If someone tells you corporate training can be quite a ride, he might be talking about a growing movement in which horses help smooth corporate life.
The Spirit Horse workshops conducted by Horses of Hope, Baxter Springs, Kan., are more than just business people riding horseback in a pasture. Rather, the "equine experiential learning process" helps people tap into the animal's capacity to bring about their own emotional growth. The workshops also endeavor to build relationship skills, promote teamwork and enhance self-esteem.
The process is neither training nor horsemanship, explains Vallerie Sweeton, the head riding instructor and trainer at Horses of Hope, which also assists at-risk teenagers and developmentally disabled people.
"There are a lot of lessons that can be learned through the process of grooming and nurturing," says Fred Bueltmann, a consultant for staff development and Horses of Hope workshops who is assisting Sweeton in the development of the program. "Having spent time with the horse and feeling it react to you and your body language is a pretty substantial exercise, even if you haven't done any monumental work with the horse," he explains. "You haven't even moved him, but that's a communication process for people."
Spirit Horse helps people find clarity "and feel some compassion to say, 'I know what I need to do,' whereas before maybe they didn't believe in themselves enough to be convinced it was true," Bueltmann says.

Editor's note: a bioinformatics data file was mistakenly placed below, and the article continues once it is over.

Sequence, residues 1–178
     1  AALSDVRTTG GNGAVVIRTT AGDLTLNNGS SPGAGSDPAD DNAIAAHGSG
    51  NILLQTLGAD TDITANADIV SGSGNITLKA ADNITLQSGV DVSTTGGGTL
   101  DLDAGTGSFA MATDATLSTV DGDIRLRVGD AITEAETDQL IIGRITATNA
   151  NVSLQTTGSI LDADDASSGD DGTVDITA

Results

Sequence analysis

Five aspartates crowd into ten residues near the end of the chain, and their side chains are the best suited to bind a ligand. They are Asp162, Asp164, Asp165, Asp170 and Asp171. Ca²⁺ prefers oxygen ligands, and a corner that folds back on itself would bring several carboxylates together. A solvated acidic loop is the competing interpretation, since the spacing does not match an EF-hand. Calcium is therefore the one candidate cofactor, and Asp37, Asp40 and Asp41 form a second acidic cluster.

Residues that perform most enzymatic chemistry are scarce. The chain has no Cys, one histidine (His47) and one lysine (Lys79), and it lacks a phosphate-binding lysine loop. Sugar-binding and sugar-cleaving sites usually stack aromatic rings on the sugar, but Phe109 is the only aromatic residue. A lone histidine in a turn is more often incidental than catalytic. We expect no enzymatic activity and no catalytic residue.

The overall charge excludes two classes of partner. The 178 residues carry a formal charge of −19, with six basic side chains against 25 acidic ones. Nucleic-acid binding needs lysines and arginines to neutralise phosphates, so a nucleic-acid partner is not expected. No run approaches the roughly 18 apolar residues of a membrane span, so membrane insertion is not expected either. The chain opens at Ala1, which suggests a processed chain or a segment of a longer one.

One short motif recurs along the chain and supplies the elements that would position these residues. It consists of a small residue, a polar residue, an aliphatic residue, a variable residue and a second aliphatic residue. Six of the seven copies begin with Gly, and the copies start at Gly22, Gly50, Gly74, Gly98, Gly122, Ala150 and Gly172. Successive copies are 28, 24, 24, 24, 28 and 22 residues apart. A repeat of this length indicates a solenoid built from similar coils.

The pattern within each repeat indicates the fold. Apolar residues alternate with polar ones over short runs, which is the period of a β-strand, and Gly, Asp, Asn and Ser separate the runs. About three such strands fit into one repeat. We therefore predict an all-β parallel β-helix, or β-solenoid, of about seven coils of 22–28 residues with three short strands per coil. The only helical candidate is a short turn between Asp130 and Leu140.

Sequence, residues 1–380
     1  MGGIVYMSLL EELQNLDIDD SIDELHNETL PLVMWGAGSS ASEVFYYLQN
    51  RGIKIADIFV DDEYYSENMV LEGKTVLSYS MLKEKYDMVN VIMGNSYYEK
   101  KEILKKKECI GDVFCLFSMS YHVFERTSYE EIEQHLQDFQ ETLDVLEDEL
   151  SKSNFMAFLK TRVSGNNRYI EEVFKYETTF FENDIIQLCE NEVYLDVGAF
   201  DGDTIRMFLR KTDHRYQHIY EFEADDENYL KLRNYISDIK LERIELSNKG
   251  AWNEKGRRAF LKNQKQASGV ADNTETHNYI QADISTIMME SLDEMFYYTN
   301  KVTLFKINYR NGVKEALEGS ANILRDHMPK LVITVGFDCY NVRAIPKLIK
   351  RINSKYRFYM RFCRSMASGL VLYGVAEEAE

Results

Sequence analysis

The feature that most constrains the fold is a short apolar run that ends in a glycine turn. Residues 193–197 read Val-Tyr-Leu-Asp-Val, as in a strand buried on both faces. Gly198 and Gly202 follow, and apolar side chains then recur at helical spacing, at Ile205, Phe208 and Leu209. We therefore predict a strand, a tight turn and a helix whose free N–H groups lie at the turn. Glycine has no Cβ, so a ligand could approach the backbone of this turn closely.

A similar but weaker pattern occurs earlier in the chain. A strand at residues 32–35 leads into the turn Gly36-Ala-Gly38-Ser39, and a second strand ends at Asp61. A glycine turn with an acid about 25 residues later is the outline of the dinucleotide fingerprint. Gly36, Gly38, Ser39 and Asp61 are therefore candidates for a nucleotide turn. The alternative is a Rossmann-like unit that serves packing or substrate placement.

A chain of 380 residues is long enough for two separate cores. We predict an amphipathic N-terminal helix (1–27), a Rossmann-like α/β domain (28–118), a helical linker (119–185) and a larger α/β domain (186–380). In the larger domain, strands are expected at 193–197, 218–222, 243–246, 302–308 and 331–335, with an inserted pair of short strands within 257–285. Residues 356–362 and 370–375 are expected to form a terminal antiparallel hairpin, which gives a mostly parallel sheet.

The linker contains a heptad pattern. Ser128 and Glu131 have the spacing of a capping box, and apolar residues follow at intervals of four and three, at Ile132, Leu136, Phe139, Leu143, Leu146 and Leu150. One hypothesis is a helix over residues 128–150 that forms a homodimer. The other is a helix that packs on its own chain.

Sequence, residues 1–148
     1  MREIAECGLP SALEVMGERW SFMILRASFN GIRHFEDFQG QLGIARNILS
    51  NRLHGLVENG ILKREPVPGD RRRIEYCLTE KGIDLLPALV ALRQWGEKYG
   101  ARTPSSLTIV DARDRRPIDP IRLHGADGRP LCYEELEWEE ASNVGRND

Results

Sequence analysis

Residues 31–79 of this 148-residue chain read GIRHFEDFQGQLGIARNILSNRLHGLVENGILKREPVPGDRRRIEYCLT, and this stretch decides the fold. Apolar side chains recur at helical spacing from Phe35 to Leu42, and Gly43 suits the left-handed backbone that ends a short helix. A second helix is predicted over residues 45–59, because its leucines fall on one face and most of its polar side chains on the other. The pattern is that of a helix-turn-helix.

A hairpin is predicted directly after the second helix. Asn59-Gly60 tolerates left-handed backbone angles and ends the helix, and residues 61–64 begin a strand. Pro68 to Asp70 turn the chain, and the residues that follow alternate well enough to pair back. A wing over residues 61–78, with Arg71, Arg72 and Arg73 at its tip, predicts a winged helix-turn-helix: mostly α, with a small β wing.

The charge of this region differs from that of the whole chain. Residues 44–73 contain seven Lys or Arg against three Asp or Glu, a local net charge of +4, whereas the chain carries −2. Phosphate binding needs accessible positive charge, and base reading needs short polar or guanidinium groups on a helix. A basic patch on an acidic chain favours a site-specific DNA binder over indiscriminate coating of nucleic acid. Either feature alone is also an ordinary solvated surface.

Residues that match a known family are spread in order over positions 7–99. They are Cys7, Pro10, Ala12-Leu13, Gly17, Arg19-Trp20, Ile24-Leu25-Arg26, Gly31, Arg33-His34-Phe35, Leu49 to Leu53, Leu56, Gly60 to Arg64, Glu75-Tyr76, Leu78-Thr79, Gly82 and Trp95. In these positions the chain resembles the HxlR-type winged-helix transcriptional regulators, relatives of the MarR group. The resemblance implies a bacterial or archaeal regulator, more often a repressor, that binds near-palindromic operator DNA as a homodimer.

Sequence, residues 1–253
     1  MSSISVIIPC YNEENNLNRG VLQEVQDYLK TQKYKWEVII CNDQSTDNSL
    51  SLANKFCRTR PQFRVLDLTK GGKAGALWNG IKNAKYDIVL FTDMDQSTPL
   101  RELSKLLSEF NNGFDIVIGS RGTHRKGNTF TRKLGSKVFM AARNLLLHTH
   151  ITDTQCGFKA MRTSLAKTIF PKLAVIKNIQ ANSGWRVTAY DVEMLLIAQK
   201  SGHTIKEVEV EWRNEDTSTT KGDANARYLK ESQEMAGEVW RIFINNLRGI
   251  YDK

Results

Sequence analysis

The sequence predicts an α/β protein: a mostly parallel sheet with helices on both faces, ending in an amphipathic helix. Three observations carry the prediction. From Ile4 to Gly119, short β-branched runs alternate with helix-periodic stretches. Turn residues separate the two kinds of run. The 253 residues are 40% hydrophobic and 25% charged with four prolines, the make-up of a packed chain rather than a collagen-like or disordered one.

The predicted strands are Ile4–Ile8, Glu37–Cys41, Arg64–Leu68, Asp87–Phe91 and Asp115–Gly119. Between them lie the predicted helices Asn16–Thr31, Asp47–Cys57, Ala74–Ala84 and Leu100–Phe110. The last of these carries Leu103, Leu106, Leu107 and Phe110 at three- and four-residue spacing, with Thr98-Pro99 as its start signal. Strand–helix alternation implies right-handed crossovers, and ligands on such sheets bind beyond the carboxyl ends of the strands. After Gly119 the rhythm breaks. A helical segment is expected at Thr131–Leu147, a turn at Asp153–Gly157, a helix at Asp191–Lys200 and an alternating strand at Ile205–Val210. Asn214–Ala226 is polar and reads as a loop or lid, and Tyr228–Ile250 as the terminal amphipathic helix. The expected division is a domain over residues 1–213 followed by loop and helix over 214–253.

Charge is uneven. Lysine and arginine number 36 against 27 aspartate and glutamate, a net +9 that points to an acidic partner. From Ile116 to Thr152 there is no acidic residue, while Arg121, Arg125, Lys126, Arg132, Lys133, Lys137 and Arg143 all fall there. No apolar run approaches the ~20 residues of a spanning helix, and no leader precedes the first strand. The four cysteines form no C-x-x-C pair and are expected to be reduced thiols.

Program director Shely McColm describes the workshop as a learning adventure. "We have a funny statement that we use here that says, 'Always learn to work and play successfully with others.' It's a simple statement," McColm says, "but there's a whole lot around that. It involves such questions as how people operate as individuals and in a group and how people work, play and interact with others."
In the corporate programs, the horses are "in tune" with a group's energy, and this ability of horses to mirror the qualities of owners or riders has been observed for centuries. Workshop leaders, for instance, frequently tell of horses mirroring the rider's anxiety, only to be calmed with a calm rider.
"We say that horses are really compassionate teachers about life," says McColm. "They mirror something about ourselves or even the entire group. They act like colleagues and help us in the process of whatever we're trying to do that day."